(b) The contractor shall require retrospective insurance carriers and other subcontractors whose contracts provide for the reimbursement of legal costs to request prior permission from the contractor to enter into a settlement agreement with, or make any payments to, claimants or third-parties if:

(1) In the case of a subcontractor other than a retrospective insurance carrier, the settlement or payment amount is likely to reach $25,000 or more; or

(2) In the case of a retrospective insurance carrier, the settlement or payment amount is likely to reach $100,000 or more.

(c) The contractor shall require the insurance carrier or other subcontractor to submit all documentation described in §719.34 and to provide the contractor with a copy of the executed settlement agreement within seven days of execution, which the contractor will promptly forward to Department Counsel. The contractor shall not authorize the subcontractor to enter into a settlement agreement or make a payment to a claimant or third-party that is likely to reach or exceed the above-stated threshold amounts without first obtaining the approval of the Department Counsel.

(d) Upon request from Department Counsel, the Contracting Officer, or other authorized representative of the Department, the contractor shall provide detailed cost information regarding particular legal matters handled by retrospective insurance carriers or other subcontractors whose contracts provide for the reimbursement of legal costs.

(e) The contractor shall provide reviewed costs and status updates for all significant matters in litigation handled by subcontractors whose contracts provide for the reimbursement of legal costs in accordance with §719.51. The contractor is not required to provide cost and status updates for matters handled by retrospective insurance carriers except upon the written request of the cognizant Contracting Officer or Department Counsel.

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§719.46   Are costs covered by this part subject to audit?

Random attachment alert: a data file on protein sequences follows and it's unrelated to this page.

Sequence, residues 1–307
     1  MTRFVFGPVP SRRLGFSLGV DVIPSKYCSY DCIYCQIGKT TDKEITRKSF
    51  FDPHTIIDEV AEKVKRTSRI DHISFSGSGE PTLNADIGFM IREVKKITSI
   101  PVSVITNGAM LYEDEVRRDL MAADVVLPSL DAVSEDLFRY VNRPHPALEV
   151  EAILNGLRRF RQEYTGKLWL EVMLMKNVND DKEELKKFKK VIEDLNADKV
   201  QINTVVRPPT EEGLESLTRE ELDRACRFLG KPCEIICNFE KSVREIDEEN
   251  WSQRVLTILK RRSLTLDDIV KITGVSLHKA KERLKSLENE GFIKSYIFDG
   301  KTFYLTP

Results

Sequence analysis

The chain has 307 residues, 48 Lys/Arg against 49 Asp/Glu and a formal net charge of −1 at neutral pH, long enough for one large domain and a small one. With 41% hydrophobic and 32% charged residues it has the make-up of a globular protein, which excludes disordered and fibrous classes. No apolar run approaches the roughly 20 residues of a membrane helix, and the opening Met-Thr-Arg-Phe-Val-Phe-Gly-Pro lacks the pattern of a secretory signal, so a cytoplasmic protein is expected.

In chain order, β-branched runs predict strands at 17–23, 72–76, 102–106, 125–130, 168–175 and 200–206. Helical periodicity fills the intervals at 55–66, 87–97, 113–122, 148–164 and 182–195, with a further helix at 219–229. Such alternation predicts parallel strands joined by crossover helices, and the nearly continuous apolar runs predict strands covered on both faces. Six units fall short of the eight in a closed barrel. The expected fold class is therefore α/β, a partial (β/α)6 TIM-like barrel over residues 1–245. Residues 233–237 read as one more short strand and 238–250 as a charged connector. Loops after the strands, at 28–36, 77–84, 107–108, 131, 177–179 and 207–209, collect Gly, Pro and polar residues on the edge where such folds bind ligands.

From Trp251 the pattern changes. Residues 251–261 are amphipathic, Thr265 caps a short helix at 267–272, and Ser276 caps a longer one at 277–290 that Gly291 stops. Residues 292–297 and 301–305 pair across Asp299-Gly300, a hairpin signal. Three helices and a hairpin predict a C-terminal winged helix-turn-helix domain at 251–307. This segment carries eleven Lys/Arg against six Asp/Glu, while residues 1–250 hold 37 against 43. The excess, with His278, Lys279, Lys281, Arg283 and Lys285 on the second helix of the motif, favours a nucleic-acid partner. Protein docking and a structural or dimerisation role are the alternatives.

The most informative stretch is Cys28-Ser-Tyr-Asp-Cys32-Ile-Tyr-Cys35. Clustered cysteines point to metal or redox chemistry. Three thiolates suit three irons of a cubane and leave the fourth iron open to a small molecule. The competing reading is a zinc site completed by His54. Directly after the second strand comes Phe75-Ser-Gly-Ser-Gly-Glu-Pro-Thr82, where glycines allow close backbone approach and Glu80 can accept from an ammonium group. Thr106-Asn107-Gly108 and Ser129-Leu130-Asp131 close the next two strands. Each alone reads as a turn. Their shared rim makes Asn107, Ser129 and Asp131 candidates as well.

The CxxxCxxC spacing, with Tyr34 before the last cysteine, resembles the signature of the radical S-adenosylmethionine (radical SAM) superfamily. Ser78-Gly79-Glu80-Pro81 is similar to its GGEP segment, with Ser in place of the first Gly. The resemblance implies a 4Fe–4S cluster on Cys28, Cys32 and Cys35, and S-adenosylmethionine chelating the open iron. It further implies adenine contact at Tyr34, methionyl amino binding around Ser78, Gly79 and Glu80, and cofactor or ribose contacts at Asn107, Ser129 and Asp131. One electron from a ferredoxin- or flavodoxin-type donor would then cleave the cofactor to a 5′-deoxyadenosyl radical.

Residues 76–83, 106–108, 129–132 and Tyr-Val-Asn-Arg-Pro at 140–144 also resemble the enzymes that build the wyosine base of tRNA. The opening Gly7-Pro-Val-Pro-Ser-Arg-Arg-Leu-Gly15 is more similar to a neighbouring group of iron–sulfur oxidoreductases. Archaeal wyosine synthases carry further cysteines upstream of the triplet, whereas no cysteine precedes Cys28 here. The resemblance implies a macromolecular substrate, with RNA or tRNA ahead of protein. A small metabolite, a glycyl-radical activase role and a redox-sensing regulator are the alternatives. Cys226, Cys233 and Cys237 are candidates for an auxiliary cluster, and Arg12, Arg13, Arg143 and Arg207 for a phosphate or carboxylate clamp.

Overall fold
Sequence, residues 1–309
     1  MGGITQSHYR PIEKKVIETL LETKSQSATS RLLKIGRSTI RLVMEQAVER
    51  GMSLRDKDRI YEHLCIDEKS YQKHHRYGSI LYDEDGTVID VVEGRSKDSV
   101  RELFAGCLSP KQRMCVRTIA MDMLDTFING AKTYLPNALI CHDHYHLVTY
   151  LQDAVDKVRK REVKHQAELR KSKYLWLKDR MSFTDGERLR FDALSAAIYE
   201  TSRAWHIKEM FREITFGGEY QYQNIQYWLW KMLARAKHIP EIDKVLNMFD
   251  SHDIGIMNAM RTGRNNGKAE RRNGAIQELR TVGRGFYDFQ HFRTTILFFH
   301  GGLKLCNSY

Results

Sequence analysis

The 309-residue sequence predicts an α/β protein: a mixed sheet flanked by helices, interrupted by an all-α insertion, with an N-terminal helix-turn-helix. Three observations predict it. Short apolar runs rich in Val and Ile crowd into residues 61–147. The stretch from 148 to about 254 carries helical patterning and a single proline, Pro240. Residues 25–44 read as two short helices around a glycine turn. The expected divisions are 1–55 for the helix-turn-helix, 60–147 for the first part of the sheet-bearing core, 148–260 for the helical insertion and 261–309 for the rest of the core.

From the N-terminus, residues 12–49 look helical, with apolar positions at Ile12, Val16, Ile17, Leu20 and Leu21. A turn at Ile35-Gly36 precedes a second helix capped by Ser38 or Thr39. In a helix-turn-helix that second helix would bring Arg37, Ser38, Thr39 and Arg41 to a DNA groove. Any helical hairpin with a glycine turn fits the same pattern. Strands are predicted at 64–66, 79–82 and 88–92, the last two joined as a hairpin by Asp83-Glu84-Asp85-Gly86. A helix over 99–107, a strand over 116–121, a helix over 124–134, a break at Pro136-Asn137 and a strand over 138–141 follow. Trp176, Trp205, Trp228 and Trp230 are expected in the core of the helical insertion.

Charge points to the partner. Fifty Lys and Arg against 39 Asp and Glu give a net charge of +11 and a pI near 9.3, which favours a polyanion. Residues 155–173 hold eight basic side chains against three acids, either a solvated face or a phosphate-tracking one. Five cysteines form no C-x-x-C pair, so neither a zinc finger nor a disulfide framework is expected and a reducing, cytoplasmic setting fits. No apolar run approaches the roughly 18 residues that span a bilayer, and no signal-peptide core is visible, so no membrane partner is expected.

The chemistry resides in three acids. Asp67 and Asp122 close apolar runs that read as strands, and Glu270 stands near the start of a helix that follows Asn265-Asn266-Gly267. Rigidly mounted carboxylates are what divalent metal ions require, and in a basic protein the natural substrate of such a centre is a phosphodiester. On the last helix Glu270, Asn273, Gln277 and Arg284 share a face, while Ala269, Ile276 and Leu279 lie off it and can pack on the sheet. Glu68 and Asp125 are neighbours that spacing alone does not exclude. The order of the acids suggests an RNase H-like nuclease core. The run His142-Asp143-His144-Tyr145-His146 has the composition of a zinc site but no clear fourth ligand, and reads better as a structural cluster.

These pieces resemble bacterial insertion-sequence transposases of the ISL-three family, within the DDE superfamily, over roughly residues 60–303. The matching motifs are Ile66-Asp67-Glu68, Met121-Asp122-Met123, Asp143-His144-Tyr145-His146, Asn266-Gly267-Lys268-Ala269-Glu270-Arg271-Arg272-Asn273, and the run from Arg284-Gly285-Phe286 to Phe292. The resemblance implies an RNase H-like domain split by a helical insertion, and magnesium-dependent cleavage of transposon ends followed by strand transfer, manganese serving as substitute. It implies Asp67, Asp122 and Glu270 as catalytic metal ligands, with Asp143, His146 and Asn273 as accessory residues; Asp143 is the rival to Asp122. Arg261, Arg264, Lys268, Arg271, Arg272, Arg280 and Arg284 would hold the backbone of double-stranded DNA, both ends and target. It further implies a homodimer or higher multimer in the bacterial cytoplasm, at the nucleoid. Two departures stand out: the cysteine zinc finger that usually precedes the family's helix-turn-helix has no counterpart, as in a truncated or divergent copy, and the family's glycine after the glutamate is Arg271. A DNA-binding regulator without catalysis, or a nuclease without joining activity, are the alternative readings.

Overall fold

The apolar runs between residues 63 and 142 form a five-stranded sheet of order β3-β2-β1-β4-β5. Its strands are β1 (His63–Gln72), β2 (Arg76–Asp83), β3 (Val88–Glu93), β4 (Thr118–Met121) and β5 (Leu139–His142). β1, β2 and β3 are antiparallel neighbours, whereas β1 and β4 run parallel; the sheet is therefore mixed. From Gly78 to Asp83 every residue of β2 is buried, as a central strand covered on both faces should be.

All costs covered by this part are subject to audit by the Department, its designated representative, or the Government Accountability Office. See §719.21.

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§719.47   What happens when more than one contractor is a party to a matter?

(a) If more than one contractor is a party in a particular matter and the issues involved are similar for all the contractors, a single legal counsel designated by the General Counsel must either represent all of the contractors or serve as lead counsel, when the rights of the contractors and the Government can be effectively represented by a single legal counsel, consistent with the standards for professional conduct applicable in the particular matter. Contractors may propose to the General Counsel their preference for the individual or law firm to perform as the lead counsel for a particular matter.

(b) If a contractor, having been afforded an opportunity to present its views concerning joint or lead representation, does not acquiesce in the designation of one retained legal counsel to represent a number of contractors, or serve as lead counsel, then the legal costs of such contractor are not reimbursable by the Department, unless the contractor demonstrates that it was reasonable for the contractor to incur such expenses.